Auto Attendant on SRST/CME gateway without CUEAugust 4th, 2008
At times it is not necessary for voicemail boxes or advaced auto-attendant features on a remote gateway that is serving a small office. This is especially true for remote non DID (ie FXO trunked) SRST gateways that are only active a small amount of time. Instead of adding a AIM-CUE or NM-CUE voicemail module in the gateway, basic auto attendant features can be provided right in IOS.
This is through the use of tcl scripting and the creation of applications. Cisco provides the tcl script for this purpose on their website at the SRST downloads page.
The basics for the script include the following components:
- tcl script – This is copied to the flash of your IOS gateway. For this example I am using the file from Cisco.com “its-CISCO.22.214.171.124.tcl”
- au files – The tcl script os packed with the audio files the script plays back to the caller. These are generic, but can be re-recorded to customize the feedback.
- application – an application will need to be created that calls the tcl script and passes the required variables.
- dial-peer – a dial-peer needs to be created to call the application.
- Enable the routing of calls to this extension.
- Additionally you will need to know what extension you want to assign to this auto attendant as well as teh extension of the operator for calls that are not matched.
Note that this is a VERY simple auto attendant. It simply answers, plays aa greeting, then asks the caller to enter the extension of a user. If the caller enters and invalid extension, it reprompts up to 3 times. If the caller enters 0, it transfers to the operator extension.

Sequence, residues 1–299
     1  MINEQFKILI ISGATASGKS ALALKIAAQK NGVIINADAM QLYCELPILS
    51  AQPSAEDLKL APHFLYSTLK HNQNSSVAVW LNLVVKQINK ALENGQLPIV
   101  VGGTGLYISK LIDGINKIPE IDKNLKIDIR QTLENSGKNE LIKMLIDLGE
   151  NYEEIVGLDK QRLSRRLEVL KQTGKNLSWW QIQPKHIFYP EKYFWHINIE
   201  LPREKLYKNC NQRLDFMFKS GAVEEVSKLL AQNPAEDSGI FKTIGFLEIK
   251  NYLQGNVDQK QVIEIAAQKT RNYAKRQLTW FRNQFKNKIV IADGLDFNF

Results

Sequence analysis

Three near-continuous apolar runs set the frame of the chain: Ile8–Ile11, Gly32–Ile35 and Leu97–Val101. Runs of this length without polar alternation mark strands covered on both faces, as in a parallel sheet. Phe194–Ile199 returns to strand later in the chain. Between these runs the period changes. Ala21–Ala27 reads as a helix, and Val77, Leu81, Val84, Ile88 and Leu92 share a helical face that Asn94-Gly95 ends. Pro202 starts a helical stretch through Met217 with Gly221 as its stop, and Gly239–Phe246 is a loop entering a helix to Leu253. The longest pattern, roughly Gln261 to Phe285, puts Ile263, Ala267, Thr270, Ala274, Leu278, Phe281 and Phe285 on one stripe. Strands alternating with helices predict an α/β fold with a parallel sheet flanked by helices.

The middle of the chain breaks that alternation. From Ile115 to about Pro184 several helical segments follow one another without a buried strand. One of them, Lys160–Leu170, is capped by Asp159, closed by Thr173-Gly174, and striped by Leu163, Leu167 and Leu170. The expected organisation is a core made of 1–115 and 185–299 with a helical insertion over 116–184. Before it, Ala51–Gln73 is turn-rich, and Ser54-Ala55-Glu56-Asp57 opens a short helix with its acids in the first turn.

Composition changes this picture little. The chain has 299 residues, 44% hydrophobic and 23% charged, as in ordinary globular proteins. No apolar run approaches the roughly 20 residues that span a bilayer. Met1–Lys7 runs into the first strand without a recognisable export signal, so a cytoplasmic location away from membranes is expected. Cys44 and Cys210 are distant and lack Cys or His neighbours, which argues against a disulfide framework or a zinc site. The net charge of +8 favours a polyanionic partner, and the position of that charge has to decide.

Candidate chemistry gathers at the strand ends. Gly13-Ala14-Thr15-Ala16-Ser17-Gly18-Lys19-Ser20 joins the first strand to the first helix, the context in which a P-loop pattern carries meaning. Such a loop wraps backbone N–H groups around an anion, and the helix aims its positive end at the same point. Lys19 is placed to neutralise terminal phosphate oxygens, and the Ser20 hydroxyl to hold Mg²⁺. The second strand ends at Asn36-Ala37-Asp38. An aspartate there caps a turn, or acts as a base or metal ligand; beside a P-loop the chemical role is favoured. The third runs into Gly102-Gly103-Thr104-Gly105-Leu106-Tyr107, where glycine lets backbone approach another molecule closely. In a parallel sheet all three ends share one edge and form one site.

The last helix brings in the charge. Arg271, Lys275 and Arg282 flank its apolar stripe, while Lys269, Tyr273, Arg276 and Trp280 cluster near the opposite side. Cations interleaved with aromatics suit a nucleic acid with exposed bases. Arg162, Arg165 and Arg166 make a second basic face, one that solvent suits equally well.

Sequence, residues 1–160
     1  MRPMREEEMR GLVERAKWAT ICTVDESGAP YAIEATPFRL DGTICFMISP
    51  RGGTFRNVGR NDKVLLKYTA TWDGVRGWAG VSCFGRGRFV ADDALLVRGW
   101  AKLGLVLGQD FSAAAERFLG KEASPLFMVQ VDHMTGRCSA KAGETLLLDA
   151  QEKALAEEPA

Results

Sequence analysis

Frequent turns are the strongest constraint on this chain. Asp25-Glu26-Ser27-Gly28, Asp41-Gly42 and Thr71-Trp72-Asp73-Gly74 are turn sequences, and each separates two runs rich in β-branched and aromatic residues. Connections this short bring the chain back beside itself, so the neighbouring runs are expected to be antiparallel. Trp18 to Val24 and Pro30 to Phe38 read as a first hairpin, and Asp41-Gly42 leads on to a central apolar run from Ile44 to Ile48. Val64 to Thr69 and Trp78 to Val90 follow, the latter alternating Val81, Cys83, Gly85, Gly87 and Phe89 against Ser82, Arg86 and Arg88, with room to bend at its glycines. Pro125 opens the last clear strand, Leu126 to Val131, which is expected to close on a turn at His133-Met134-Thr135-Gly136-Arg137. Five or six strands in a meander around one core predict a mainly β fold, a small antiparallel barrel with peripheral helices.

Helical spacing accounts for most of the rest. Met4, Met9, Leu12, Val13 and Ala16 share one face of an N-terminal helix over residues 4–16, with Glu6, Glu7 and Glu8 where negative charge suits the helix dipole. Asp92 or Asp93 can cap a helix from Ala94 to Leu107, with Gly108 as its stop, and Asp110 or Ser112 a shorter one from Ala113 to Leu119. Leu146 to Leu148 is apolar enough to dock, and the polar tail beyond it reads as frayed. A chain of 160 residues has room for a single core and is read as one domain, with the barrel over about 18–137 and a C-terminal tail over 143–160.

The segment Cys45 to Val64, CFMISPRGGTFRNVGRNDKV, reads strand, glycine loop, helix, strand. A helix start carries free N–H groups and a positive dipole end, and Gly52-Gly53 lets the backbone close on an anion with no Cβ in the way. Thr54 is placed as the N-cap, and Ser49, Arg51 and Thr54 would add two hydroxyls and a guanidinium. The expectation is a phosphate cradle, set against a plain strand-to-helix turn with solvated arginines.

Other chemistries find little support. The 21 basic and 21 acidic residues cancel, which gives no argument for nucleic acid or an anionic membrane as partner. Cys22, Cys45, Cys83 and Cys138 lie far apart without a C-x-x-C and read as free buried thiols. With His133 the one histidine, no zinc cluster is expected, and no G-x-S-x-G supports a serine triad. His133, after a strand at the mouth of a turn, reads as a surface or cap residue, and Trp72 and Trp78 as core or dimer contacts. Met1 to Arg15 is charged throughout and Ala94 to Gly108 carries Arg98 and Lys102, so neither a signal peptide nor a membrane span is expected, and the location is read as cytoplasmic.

First make sure you have copied all the files from the download to you flash. You can place this in a subdirectory or the root directory of the flash. Just make sure you know where it is located. This will be important when we create the IOS application next.
Second, create the IOS application. For this example, I have coped the files into the root of the flash and I am using the extension 4999 for the autoattendant. Additionally, I am specifing the operator at extension 4001. The format for this is as follows:
service nicknetaa flash://its-CISCO.126.96.36.199.tcl
param operator 4001
paramspace english language en
paramspace english index 0
paramspace english location flash://
paramspace english prefix en
param aa-pilot 4999
Finnally, create the dial-peer to call the application. Again, I’m using 4999 as the extension for the auto attendant.
dial-peer voice 4999 voip
session target ipv4:188.8.131.52
incoming called-number 4999
Note that I am refercing the local loopback ip address (184.108.40.206) for the dial-peer destination. It is important to use a local interface ip that will not be “down” in the event of a link failure.
If you have a phone that is registered to the gateway, you should be able to dial it directly.
At this point, the application is configured and you simply need to route calls to it. This can be done in many differnt ways. If you are getting DID inbound from the provider, simply create the dial-peer and application as the extension of the main company number. Otherwise, the default-destination command under call-manager-fallback can be used. Another method if you have FXO trunking is to “connection plar” each of the voice FXO ports to the AA extension.